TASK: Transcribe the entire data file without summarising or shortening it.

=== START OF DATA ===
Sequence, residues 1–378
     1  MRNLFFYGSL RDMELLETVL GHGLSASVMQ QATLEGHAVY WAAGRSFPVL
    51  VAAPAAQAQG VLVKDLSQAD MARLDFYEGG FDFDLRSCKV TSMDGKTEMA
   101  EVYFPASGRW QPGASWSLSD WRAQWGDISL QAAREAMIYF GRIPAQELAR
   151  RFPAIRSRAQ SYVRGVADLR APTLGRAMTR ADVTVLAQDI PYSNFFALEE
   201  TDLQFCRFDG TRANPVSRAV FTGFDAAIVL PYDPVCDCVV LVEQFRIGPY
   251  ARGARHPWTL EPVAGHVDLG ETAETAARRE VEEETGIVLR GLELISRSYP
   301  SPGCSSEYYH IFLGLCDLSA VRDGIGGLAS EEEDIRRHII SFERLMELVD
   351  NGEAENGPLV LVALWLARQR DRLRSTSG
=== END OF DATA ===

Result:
Sequence, residues 1–378
     1  MRNLFFYGSL RDMELLETVL GHGLSASVMQ QATLEGHAVY WAAGRSFPVL
    51  VAAPAAQAQG VLVKDLSQAD MARLDFYEGG FDFDLRSCKV TSMDGKTEMA
   101  EVYFPASGRW QPGASWSLSD WRAQWGDISL QAAREAMIYF GRIPAQELAR
   151  RFPAIRSRAQ SYVRGVADLR APTLGRAMTR ADVTVLAQDI PYSNFFALEE
   201  TDLQFCRFDG TRANPVSRAV FTGFDAAIVL PYDPVCDCVV LVEQFRIGPY
   251  ARGARHPWTL EPVAGHVDLG ETAETAARRE VEEETGIVLR GLELISRSYP
   301  SPGCSSEYYH IFLGLCDLSA VRDGIGGLAS EEEDIRRHII SFERLMELVD
   351  NGEAENGPLV LVALWLARQR DRLRSTSG